but it is a “Plying,' when used in the connection that it is reasonable doubt.' It is not an unreasonable doubt. here, is a nautical phrase, which is defined by WebThe very term implies that there may be doubts not ster as follows: "To make regular trips; as å vessel reasonable or rational. It cannot be a merely pos- plies between the two places.' It might well be sible doubt, for any thing relating to human affairs urged that a vessel making regular trips between may be in some way subject to possible doubt. It any port in California and some port outside of Caliis such an actual and substantial and well-founded fornia, was 'plying in part in the waters of this doubt as would be entertained by a reasonable and State. But can that be properly said of a vessel conscientious man—such a doubt that the reason for which sails out of a port outside of this state to it can be examined and discussed. In State v. various ports and countries in the regular course of Reed, 62 Me. 129, the following was decided to be a commerce, transporting lumber and other freight,' correct definition: “It is a doubt which a reasona- and touching at the port of San Francisco tranble man of sound judgment, without bias, preju- siently in the course of her voyages, and only long dice or interest, after calmly, conscientiously and enough to take in and discharge cargo?' 'Plying deliberately weighing all the testimony, would en- implies regularity, and is not the term used to extertain as to the guilt of the prisoner. It is not press the character of the irregular and transient enough to establish merely a probability of guilt. visitations of a ship to a port in the course of her The rule requires that the guilt shall be estab- voyage to various ports. In that case a vessel is lished to a reasonable, but not an absolute, demon- said to touch at each of the ports which she visits. strative or mathematical certainty.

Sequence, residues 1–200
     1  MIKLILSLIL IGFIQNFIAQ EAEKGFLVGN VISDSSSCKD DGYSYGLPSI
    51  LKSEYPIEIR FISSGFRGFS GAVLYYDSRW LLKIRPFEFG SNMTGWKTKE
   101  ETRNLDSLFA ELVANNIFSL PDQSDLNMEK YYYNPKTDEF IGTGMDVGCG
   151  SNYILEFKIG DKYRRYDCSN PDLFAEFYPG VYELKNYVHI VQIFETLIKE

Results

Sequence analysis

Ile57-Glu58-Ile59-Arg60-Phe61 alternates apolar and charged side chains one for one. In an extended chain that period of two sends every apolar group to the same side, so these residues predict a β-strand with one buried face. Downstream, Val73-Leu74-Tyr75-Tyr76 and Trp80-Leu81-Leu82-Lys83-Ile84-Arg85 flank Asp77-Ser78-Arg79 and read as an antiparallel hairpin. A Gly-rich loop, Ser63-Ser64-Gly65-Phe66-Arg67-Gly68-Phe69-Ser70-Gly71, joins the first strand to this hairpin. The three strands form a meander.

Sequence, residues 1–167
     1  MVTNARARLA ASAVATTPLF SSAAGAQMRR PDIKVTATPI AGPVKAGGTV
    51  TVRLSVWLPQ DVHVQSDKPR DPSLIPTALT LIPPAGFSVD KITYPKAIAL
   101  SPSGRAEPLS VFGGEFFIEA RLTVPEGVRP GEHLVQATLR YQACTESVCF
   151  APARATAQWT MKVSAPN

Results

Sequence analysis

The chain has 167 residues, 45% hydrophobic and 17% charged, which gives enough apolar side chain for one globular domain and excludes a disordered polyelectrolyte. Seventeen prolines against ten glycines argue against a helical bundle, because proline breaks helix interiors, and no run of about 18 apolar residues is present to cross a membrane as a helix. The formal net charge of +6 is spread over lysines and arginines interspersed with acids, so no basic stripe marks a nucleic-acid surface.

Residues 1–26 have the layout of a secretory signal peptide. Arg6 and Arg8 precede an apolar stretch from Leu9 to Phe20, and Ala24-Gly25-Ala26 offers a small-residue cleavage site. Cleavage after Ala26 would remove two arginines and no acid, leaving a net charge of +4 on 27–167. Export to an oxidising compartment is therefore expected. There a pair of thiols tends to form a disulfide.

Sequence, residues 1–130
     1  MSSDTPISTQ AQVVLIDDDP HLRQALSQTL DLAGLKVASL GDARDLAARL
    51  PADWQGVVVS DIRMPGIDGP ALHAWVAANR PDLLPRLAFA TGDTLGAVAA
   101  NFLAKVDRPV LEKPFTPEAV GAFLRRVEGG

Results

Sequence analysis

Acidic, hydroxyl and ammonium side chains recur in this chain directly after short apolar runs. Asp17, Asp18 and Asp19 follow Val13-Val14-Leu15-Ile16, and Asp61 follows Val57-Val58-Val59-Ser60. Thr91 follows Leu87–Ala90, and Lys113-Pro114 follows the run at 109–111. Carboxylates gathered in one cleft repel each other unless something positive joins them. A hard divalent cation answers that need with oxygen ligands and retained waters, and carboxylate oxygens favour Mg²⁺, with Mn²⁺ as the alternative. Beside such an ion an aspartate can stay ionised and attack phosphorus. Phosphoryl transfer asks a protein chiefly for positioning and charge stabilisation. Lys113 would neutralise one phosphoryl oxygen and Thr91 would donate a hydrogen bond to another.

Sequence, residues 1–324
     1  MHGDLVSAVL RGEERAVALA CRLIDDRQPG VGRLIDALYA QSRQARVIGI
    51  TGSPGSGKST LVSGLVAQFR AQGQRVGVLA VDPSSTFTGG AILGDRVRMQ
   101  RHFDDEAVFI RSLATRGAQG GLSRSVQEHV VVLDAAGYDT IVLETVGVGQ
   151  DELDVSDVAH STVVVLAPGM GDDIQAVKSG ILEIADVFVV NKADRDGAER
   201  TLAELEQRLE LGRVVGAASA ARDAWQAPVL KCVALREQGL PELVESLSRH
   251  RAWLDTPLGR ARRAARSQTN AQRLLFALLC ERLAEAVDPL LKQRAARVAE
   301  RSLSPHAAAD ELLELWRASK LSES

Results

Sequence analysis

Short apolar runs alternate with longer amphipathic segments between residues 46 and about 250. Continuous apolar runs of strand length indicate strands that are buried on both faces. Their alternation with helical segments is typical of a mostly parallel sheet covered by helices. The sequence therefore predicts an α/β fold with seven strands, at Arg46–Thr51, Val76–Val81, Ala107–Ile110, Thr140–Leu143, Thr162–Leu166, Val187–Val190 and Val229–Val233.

A vessel plies between two places-she may touch In the present case the learned judge who presided at many." at the trial went still further toward the outer circle

MILK.—This includes skimmed milk. Lane v. Colof judicial limits, and said to the jury that the law lins, Q. B. Div., December 16, 1884. The London only requires that degree of certainty in the minds Law Journal says: “All language has a tendency to of jurors before rendering a verdict of guilty, as deteriorate, but that is no reason why respectable would exist in their minds in coming to a conclu

words like 'milk' should have a push down hill sion on matters of grave interest and importance to given them by persons in authority. This is what


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has happened in the case of Lane v. Collins, noted years of the commission of the offense there were no in this week's Notes of Cases. The Adulteration houses near this spot, and when Brighton was a Act, 1875, requires under penalties that articles of fishing village whole regiments of soldiers used to food sold shall be of 'the nature, substance and bathe there at the same time; that at the time the quality of the article demanded, and Mr. Justice offense was committed there was a row of houses Day and Mr. Justice Mathew decide that when erected on the cliff, from the windows of which the